DUBAI // Children with special needs will soon be treated to a little "hippotherapy", courtesy of Dubai Police.
Police horses will soon be used to help the youngsters, Emirati and expatriate, to develop their motor skills after an agreement was signed yesterday between the police and the Community Development Authority (CDA).
"The therapy looks at using horse riding," said Dr Omar Al Muthanna, the chief executive of social regulatory and licensing centre, and acting chief executive of the social-care sector at the CDA.
"It has several benefits and will help boost their morale, help them to relax, improve balance and help in muscle tone. We realised Dubai Police has a number of horses and we could put both together."
The way horses move can foster motor skills and sensory input.
At first, 15 children will receive the therapy, but this will increase depending on whether children are ready for it, resources available, and the training of police riders.
"We will be training their trainers. We are already in the process of training them and assigning the children," Dr Al Muthanna said, adding Emirati children with disabilities would be given priority.
The treatment is expected to begin in November when temperatures cool.
The CDA has already been using hippotherapy for more than a year with the help of an equestrian club.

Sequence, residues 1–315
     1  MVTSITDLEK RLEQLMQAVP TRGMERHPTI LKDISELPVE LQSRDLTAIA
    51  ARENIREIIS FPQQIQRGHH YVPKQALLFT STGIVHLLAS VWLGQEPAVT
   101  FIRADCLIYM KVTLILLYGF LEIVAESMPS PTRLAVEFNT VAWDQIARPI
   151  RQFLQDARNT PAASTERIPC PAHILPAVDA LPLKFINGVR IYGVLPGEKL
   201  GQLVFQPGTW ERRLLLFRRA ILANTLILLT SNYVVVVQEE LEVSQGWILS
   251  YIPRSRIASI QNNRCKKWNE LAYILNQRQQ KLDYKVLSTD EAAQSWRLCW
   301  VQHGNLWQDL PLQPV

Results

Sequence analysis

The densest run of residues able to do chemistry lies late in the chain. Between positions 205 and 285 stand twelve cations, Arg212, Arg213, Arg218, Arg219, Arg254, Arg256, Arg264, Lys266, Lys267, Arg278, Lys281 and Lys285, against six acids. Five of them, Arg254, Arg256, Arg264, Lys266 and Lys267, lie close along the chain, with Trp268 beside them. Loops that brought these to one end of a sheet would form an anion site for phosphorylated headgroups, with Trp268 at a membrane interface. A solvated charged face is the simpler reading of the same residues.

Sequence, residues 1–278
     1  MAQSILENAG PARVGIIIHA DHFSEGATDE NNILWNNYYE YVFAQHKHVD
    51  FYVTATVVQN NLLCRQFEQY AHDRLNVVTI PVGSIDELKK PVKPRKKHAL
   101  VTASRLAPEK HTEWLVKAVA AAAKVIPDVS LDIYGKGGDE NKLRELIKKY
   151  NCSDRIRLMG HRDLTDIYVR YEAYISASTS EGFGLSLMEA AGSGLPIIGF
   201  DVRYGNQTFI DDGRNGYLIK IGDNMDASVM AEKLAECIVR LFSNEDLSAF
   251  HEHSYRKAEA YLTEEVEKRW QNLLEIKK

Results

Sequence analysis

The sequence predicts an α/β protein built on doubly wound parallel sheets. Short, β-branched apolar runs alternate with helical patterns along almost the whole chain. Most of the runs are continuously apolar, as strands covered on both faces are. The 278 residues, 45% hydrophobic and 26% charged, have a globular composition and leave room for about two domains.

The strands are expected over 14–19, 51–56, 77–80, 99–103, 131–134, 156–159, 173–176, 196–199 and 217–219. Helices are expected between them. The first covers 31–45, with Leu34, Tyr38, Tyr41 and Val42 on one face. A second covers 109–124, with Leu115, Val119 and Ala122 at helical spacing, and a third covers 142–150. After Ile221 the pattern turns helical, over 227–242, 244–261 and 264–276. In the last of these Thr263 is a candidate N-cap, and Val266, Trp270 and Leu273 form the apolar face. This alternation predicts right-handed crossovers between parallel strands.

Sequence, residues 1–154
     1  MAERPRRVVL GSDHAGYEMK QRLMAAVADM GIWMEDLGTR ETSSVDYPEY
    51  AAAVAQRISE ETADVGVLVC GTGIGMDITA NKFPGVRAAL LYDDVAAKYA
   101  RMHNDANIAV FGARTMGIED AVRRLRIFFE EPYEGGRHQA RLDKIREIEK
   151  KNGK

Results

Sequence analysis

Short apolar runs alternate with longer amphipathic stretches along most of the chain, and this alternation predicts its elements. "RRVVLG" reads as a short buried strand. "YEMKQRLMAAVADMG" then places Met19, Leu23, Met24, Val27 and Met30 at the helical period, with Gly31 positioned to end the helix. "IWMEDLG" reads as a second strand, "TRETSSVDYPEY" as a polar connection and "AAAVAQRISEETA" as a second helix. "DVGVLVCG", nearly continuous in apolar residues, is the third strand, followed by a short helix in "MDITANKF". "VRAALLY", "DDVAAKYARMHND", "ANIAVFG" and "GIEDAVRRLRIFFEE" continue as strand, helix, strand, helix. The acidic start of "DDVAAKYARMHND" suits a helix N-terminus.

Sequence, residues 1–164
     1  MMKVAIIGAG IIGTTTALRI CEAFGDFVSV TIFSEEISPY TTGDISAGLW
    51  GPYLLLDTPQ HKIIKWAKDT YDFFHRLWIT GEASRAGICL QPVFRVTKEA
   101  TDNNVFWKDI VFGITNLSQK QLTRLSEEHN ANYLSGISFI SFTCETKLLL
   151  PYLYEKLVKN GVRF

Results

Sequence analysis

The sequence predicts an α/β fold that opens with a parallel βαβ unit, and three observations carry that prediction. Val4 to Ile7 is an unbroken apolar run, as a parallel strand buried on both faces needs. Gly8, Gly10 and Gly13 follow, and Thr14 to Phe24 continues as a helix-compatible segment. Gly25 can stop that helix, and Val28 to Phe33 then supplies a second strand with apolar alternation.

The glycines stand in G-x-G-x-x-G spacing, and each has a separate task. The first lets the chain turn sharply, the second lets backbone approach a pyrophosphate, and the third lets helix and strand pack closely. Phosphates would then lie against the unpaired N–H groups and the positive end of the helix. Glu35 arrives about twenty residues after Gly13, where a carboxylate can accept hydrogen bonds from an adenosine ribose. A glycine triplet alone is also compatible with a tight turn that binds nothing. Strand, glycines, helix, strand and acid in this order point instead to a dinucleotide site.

Lt Gen Dahi Khalfan Tamim, the chief of Dubai Police, praised the CDA's initiatives and said they were of interest to a large section of society.
"Constructive cooperation to face community issues, especially social issues, is a key target and part of the framework of the Dubai Strategic Plan 2015," Gen Tamim said.
"Field studies carried out by the CDA on humanitarian and social issues in a scientific manner help protect the family and society from negative, external influences to maintain the values and principles of our society."
He said he would be pleased to provide the horses, along with equestrian experts to supervise the sessions.
As part of the agreement, the CDA will also share with police its database of hundreds of elderly Emiratis who have been living on their own.
"Since Dubai Police has a mapping system for the emirate, it will now have elderly citizens and their contacts marked out in the system," Dr Al Muthanna said.
"With this system, they can help them quickly in case of an emergency or even visit them to say hello."
Nearly 500 senior citizens, those over the age of 60, are registered with the CDA initiative called Waleef, which means "companion" in Arabic.
Volunteers are paired with the elderly and visit them regularly to provide companionship, take them wherever they need to go and help with their chores.
Dr Al Muthanna said the police horse agreement was a "perfect marriage", as it boosted the authority's role in the development of the community and gave police trainers an opportunity to give back to society.
* With additional reporting by Awad Mustafa